The best way of tenderizing meat is still to attack it physically. The most extreme method, grinding, will shred all the muscle tissue into tiny bits. This is what makes tough cuts of beef into tender minced beef. Pounding will also break down muscle tissue, but it is really only good for thin cuts.
The chemical method, applying marinades, is less work but less efficient. Commercial meat tenderizers or marinades may contain an enzyme such as “papain”, which the ancient Mexicans used without knowing it by wrapping meat in papaya leaves. This enzyme breaks down muscle in meat. Acidic marinades such as those made with wine or vinegar can also do this. This catch with both, though, is (a) that they will really only affect the surface of the meat, and (b) because they dissolve structural tissue in the meat which held water, the meat can be drier. You can help to get the marinade inside the meat by poking the meat with a fork first, but this may only help the meat to lose more of its juices when cooked. Tenderizers can also make the surface of the meat mushy while leaving the inside tough, and may give a flavour you don’t like. For marinades, you can buy kitchen needles that inject it into the meat. You can also investigate getting a home meat tumbler.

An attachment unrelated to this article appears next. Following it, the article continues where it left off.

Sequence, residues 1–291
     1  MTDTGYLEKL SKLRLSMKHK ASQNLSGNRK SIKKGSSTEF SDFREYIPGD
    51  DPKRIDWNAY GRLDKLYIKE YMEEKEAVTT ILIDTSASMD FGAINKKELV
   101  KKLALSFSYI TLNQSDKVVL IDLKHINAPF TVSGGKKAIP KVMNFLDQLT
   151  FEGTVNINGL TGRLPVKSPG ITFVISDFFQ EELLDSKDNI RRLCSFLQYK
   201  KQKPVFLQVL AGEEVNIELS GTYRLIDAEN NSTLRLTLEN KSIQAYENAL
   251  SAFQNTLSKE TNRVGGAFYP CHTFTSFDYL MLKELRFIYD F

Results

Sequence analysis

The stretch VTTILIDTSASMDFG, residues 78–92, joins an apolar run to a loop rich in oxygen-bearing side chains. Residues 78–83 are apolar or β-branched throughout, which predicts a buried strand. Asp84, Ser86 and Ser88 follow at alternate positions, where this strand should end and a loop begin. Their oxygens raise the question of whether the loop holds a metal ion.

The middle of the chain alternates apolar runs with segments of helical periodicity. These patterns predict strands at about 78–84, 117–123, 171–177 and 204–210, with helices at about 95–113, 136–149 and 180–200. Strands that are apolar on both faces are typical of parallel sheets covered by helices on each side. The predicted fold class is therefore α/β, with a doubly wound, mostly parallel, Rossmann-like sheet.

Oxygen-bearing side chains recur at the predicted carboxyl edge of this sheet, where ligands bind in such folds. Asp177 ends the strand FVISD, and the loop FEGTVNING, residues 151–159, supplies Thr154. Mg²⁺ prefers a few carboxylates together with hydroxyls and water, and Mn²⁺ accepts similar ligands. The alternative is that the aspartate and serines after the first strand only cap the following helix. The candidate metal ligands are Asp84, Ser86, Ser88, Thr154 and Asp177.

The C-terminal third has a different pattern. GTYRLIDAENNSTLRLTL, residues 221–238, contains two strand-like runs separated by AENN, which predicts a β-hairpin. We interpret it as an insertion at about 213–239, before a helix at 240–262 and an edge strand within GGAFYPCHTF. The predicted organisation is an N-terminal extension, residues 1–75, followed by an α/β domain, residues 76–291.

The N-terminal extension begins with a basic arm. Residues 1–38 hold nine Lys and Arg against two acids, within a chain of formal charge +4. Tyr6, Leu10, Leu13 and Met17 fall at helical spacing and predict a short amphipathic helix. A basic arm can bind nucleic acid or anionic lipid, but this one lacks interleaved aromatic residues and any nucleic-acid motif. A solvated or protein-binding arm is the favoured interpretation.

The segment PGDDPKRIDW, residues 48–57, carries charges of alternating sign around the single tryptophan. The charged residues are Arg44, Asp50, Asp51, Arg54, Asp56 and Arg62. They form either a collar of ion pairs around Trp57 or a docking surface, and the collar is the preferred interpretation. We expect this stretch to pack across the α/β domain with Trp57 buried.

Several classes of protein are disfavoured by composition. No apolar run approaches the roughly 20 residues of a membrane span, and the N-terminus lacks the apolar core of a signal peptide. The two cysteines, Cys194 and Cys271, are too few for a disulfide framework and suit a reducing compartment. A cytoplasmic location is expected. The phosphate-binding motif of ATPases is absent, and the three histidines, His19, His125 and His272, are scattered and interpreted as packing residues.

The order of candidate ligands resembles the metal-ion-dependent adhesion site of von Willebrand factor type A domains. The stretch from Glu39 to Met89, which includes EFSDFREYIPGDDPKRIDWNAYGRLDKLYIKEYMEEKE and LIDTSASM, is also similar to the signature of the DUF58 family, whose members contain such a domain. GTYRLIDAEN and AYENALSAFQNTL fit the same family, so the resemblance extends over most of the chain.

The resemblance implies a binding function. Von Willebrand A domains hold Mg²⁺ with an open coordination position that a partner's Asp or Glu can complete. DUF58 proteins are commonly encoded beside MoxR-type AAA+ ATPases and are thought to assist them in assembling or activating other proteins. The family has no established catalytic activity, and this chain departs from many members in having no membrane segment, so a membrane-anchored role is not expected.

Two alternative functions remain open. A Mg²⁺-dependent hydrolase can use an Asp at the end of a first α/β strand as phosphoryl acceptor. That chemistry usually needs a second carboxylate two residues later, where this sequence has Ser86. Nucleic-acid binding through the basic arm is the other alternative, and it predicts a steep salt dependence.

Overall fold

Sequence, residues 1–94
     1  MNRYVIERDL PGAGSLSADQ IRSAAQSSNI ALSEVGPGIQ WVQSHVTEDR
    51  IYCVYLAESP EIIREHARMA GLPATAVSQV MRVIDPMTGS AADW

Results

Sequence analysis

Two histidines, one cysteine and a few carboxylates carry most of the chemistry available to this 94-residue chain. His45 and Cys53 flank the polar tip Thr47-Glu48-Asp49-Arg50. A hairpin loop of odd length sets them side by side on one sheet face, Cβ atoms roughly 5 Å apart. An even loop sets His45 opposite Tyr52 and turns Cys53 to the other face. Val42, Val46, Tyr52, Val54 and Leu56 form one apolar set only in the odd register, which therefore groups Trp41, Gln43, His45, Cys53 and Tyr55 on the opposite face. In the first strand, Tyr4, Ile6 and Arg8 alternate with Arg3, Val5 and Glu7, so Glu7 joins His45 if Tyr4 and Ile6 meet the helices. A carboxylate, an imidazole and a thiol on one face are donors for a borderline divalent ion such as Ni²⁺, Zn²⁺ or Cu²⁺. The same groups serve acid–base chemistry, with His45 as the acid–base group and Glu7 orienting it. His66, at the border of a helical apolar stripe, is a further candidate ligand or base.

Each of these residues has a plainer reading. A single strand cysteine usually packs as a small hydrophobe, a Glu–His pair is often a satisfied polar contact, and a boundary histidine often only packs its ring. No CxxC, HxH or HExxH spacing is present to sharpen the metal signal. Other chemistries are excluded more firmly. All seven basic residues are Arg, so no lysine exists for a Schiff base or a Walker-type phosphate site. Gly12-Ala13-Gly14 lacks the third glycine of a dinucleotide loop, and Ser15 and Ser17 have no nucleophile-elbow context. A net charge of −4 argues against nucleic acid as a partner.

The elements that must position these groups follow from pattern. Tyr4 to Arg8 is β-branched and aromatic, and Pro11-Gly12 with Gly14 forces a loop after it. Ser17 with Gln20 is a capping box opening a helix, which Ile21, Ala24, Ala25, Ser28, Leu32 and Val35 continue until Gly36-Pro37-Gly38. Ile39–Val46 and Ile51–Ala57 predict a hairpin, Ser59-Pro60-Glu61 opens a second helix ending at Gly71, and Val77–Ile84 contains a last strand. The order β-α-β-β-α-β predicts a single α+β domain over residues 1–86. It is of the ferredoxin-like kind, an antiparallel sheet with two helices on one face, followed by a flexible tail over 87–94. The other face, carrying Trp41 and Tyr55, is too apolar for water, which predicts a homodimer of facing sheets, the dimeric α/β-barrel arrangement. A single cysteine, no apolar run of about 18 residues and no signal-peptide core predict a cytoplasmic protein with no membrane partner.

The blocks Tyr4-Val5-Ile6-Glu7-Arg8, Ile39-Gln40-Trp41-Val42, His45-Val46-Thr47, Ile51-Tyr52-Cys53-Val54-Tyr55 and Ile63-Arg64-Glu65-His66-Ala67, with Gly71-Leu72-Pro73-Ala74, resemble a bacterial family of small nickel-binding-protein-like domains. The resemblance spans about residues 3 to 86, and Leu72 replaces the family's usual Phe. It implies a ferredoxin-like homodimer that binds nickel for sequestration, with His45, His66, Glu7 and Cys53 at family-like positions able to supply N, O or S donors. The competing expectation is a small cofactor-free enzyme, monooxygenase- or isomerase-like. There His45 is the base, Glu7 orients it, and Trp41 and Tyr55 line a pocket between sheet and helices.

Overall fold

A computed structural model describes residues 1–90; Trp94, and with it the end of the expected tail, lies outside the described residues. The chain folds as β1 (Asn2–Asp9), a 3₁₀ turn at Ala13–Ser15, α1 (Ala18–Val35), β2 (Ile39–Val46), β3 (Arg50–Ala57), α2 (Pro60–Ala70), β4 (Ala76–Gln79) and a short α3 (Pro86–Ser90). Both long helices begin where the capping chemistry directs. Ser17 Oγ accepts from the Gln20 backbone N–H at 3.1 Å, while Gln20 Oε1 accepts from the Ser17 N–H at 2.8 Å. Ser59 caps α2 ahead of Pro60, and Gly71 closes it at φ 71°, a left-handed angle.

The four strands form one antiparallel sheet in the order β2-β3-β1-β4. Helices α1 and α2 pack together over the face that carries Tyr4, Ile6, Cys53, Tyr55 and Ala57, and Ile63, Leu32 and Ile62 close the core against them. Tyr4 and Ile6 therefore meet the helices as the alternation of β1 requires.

But overall, for tough meat, the best solution is just to cook it properly, with long, moist cooking such as stewing or braising. That is the reason pot roasts and stewing hens spend hours in ovens and crockpots.